The project was initially launched in Moroto for the Karamoja region on the 19th of this month with the leadership of the National Coalition for Human Rights Defenders (NCHRD).

According to the project implementors,  the action is organized into four activity packages aimed at; enhancing the capacity and skills of Human Rights Defenders (HRDs) and Land and Environmental Defenders (LEDs) in monitoring, documentation, reporting (MDR), and protection, establishing and reinforcing reporting and documentation mechanisms for advocacy and demand for corporate and government accountability;  providing response and support to HRDs and marginalized communities; and lastly facilitating collaboration and multi-stakeholder engagements that link local and national issues to national and international frameworks and spaces.

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Kiryandongo leadership agree to partner with Witness Radio Uganda to end rampant forced land evictions in the district.



By Witness Radio team.

Kiryandongo district leaders have embraced Witness Radio’s collaboration with the Kiryandongo district aimed at ending the rampant violent and illegal land evictions that have significantly harmed the livelihoods of the local communities in the area.

The warm welcome was made at the dialogue organized by Witness Radio Uganda, Uganda’s leading land and environmental rights watchdog at the Kiryandongo district headquarters, intended to reflect on the plight of land and environmental rights defenders, local and indigenous communities and the role of responsible land-based investments in protecting people and the planet.

Speaking at the high-level dialogue, that was participated in by technical officers, policy implementers, religious leaders, leaders of project affected persons (PAPs), politicians, media, Civil Society Organizations (CSOs), and development partners that support land and environment rights as well as the Land Based Investments (LBIs) Companies in the Kiryandongo district, the leaders led by the District Local Council 5 Chairperson, Ms. Edith Aliguma Adyeri appreciated the efforts taken by Witness Radio organization to organize the dialogue meeting aimed at bringing together stakeholders to safeguard community land and environmental rights in order address the escalating vice of land grabbing in the area.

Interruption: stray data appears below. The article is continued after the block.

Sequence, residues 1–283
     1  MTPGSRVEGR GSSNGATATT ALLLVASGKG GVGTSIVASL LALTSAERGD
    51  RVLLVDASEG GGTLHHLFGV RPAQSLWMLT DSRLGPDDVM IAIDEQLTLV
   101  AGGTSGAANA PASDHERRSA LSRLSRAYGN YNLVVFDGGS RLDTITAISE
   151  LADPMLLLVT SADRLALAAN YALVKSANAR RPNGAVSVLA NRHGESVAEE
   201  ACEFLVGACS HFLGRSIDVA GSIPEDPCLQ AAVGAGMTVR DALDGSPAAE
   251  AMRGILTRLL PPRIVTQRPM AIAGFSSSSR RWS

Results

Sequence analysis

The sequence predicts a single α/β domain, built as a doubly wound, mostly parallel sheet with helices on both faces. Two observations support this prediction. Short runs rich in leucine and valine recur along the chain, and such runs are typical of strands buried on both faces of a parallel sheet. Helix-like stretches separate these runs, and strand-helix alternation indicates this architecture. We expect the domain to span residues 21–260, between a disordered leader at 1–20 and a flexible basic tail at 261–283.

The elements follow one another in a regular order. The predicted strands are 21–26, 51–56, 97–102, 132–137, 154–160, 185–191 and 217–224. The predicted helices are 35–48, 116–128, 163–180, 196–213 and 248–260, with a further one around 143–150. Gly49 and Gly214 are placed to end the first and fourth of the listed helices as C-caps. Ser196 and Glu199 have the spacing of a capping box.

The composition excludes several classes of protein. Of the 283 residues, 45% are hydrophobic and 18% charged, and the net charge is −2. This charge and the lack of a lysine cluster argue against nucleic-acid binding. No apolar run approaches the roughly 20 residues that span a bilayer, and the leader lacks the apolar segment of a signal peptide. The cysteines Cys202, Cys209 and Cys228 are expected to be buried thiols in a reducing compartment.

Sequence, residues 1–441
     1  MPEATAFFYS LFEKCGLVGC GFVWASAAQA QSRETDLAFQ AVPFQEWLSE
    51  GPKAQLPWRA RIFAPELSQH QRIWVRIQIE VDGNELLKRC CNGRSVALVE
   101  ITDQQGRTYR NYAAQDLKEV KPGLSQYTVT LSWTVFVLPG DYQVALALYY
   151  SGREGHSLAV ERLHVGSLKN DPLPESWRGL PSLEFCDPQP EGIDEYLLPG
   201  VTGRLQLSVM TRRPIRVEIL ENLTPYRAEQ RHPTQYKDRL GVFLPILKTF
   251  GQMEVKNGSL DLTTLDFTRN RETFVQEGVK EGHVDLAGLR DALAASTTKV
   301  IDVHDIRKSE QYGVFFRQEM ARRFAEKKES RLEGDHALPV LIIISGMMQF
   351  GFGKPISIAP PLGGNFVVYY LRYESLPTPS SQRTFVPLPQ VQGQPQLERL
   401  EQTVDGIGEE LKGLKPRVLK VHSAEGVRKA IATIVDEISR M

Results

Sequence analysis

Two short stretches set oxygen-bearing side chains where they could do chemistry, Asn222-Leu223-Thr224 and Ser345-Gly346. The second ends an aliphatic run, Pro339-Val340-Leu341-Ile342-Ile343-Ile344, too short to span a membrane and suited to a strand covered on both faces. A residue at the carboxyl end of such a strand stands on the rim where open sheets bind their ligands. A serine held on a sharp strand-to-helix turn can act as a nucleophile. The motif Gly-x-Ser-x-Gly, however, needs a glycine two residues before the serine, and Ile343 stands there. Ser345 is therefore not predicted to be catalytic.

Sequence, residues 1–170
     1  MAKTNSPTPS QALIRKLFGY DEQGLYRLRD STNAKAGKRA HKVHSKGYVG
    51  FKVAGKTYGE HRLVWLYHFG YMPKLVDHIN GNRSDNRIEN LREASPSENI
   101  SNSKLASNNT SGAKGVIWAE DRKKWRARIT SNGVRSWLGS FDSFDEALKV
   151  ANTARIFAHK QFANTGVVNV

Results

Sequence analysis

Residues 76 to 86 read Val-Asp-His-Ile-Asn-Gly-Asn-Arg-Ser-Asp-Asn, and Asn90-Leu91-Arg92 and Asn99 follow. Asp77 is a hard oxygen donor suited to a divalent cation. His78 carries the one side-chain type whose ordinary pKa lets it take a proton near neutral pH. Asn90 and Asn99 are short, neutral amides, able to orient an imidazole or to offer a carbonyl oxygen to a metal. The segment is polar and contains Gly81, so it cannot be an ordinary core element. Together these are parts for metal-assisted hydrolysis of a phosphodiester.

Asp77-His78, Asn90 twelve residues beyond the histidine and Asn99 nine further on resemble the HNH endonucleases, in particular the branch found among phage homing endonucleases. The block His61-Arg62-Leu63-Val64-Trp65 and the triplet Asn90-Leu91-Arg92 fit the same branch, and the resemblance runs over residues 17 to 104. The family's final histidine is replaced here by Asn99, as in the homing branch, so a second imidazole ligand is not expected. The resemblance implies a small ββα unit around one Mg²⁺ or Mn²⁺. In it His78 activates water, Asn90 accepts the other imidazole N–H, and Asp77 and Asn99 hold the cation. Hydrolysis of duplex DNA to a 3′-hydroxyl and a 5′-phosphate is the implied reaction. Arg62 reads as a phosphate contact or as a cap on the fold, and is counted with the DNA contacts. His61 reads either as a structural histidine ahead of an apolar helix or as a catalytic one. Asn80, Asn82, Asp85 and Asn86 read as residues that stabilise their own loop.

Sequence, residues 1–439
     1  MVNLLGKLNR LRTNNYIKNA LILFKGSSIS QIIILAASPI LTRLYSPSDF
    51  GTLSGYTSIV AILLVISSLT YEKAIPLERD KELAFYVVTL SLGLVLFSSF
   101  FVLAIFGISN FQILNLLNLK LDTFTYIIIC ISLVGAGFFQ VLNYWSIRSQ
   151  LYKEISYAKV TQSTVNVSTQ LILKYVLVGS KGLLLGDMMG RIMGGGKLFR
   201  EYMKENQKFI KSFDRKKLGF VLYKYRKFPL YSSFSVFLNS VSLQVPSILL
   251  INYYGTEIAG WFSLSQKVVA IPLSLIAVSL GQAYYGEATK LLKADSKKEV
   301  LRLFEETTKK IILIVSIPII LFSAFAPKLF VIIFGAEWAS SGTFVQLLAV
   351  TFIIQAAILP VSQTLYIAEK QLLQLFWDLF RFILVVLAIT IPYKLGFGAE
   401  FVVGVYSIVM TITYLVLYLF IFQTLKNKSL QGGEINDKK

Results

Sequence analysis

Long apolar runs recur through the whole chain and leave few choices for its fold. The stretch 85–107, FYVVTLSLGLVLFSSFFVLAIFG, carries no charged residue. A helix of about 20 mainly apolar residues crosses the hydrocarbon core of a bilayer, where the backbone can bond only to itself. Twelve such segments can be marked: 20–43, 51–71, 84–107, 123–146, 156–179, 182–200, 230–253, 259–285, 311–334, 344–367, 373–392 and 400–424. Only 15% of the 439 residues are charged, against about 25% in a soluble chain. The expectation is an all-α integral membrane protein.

During the dialogue, participants shared harrowing accounts of the impacts of land evictions and environmental degradation, including tragic deaths, families torn asunder, young girls forced into marriage, a surge in teenage pregnancies, limited access to education, and significant environmental damage which have profoundly affected the lives of the local population in Kiryandongo.

Participants attending the dialogue.

In recent years, Kiryandongo district has been embroiled in violent land evictions orchestrated to accommodate multinational large-scale agriculture plantations and wealthy individuals leaving the poor marginalized.

According to various reports, including findings from Witness Radio’s 2020 research Land Grabs at a Gun Point, the forceful land acquisitions in Kiryandongo have significantly impacted the livelihoods of local communities. It is estimated that nearly 40,000 individuals have been displaced from their land to make room for land-based investments in the Kiryandongo district. However, leaders in the district also revealed in the dialogue that women and children are affected most.

The Kiryandongo Deputy Resident District Commissioner, Mr. Jonathan Akweteireho, emphasized that all offices within the Kiryandongo district are actively involved in addressing the prevalent land conflicts. He also extended a welcome to Witness Radio, acknowledging their collaborative efforts in tackling and resolving land and environmental issues in the district.

“Ladies and gentlemen, we all know that the land rights together with environmental rights have been violated in our district, but because we don’t know what our rights are, because we have not directly done what we could to safeguard our rights and now this is the time that Witness Radio has brought us together to safeguard our rights. I want to welcome you in Kiryandongo and be rest assured that we shall give you all the necessary support to help us manage these rampant cases,” Ms. Adyeri said in her remarks during the dialogue meeting.